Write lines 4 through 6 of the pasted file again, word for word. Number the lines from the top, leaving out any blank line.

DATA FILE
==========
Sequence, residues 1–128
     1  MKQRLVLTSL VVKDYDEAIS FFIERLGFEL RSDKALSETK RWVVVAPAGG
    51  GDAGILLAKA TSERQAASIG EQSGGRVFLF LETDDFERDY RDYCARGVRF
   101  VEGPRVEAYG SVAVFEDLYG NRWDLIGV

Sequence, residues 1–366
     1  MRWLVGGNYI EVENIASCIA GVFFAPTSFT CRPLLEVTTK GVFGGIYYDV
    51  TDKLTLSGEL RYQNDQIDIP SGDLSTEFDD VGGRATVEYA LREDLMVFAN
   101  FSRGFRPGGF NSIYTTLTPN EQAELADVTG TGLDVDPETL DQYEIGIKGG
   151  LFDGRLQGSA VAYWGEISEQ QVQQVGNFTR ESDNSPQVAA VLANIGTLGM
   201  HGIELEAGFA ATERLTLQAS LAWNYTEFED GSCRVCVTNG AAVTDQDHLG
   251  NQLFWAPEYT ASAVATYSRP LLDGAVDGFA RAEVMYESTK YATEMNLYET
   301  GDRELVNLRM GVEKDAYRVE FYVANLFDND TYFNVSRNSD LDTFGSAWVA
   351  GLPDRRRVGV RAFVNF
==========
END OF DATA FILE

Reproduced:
   101  VEGPRVEAYG SVAVFEDLYG NRWDLIGV

Sequence, residues 1–366
     1  MRWLVGGNYI EVENIASCIA GVFFAPTSFT CRPLLEVTTK GVFGGIYYDV